The Sweden economy has a Gross Domestic Product (GDP) above 500 thousand billion USD (or half a trillion USD).
As such, Sweden is among the top 25 countries in the world in terms of economy size (according to World Bank and IMF figures).
But what makes the Sweden economy tick?
Are they very open to trade?
And what about their debt habits?
Let’s find out.
So we know they’re big.
How about their GDP per capita?
$49,700 (CIA World Factbook), which puts Sweden at spot 26th in the world.
They only have 9.9 million people (2016, estimates, World Bank).
This helps explain their high GDP per capita when their GDP is so close to that of Argentina (43.8 million people, with similar GDP, per capita: $20,200 for 86th place).
Let’s talk about main industries in Sweden.
They’re big on telecommunications, Chemicals, vehicles, and IKEA (you know I had to say it).
The Sweden economy is well diversified, with a good part of its exports being from services in the information technology and engineering fields.
Aside from that, they have a strong industry in precision materials, steel, and pulp (though these have decreased in importance following the emergence of the knowledge economy).
Tell me about Sweden’s international trade.
Exports of goods and services in Sweden amounted to 45.59% of Gross Domestic Product in 2015 according to World Bank data.
And imports of goods and services?
40.84% of GDP, which placed Sweden at a trade surplus in 2015 (good for them).
If we think of total trade, then we have 86.43% of GDP.
Compare that to Mexico’s 72%, or Canada’s 60%.
Or conversely, to Switzerland’s 120+% of GDP (European countries are very open when it comes to trade).
Though, perhaps it’s a bit unfair since Switzerland is in mainland Europe, as opposed to the Scandinavian Peninsula (Norway, Sweden, Finland).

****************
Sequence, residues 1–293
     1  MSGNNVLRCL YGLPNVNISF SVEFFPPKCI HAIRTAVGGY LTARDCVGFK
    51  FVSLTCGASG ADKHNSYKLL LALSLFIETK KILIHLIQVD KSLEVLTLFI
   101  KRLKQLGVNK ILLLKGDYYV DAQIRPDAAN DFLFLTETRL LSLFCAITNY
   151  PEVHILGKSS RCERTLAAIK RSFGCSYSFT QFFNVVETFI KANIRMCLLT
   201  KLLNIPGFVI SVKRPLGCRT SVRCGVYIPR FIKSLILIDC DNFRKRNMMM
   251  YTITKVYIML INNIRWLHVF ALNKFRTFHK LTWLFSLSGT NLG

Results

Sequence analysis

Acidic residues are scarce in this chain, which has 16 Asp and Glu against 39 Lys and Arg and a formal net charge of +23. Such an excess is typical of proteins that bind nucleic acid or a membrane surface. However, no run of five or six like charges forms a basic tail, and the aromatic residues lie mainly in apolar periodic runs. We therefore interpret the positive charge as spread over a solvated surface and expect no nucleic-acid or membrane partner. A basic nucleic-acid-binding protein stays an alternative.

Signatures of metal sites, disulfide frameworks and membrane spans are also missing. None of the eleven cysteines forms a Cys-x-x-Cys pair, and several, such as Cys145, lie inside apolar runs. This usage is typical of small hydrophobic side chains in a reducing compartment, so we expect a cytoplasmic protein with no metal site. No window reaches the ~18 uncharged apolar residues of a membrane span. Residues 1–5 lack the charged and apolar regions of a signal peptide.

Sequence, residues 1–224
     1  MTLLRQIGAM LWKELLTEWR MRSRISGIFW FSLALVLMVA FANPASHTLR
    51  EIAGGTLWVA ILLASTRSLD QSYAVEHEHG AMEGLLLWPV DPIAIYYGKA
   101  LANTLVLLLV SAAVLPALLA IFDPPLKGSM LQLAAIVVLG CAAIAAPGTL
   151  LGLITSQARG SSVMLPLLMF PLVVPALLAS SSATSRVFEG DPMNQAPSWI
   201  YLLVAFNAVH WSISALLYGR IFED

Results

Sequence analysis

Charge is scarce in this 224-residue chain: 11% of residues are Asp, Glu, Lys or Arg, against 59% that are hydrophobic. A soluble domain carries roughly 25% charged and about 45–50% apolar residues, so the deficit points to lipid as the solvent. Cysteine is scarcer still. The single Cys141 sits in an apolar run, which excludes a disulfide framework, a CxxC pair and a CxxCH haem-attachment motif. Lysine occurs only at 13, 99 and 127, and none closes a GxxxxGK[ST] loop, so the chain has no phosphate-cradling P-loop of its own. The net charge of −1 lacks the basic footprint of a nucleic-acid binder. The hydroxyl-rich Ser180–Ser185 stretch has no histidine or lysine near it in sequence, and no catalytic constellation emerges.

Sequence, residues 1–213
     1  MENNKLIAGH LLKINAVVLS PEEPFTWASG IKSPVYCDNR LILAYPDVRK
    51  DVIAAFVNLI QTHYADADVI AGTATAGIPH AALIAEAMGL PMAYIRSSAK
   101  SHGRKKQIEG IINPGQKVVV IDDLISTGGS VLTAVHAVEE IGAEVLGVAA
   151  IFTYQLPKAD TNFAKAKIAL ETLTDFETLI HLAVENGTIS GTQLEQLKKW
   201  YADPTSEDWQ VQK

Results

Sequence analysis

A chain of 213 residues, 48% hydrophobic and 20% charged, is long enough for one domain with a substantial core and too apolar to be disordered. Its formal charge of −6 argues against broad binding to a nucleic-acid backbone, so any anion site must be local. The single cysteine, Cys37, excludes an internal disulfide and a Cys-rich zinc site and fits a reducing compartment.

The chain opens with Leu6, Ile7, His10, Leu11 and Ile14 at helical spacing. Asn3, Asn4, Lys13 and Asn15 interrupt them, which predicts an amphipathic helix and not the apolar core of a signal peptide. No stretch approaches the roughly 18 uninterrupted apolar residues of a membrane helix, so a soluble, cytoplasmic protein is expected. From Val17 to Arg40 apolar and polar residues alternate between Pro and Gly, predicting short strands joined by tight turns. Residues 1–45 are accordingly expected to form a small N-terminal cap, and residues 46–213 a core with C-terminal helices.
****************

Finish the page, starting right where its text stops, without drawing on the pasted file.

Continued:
Sweden’s government debt is around 41.6% of GDP (2016). If we were to put Sweden next to a list of G20 countries, it would be at the bottom half (good).
The most similar?
Switzerland beats it again (32.6%), though that may or may not be a good contest to win (at those levels of debt, you could theoretically grow more by increasing debt -done well).
What about household debt?
85.7% of GDP.
This would put Sweden with the highest household debtors in the G20 (Sweden is not part of the G20, but we’re using them to compare).
The closest country would be United Kingdom with 87.6%.
Other close contestants are United States (79.5%) and South Korea (92.8%).
This is one in which Switzerland misses out, since it has a whopping 128.4% of household debt as percent of GDP, the highest in the G20 list.
I’ll cover the Swedish Krona (SEK), the currency of Sweden, and the Sveriges Riksbank, the Central Bank of Sweden separately.
When I do, we’ll get to delve into what’s what: FX trading and what matters if you’re longing or shorting SEK.
Do notice that I’ve covered the majors by themselves. Not specific pairs thus far.
But that doesn’t mean I won’t go into specific pairs and what drives pair prices.
Usually, it’s just a combination of what’s happening with each currency in the pair, so it won’t depart much from what’s already been covered in the single currency pages.
Anyways, I want to let you know I’ll cover other, less in your face currencies like the aforementioned SEK, but also the Mexican Peso, the Yuan, the Ruble, the South African Rand, and perhaps the Brazilian Real.
I’ll also cover their respective economies and Central Banks, each separately.
See you soon,
The Forex Economist
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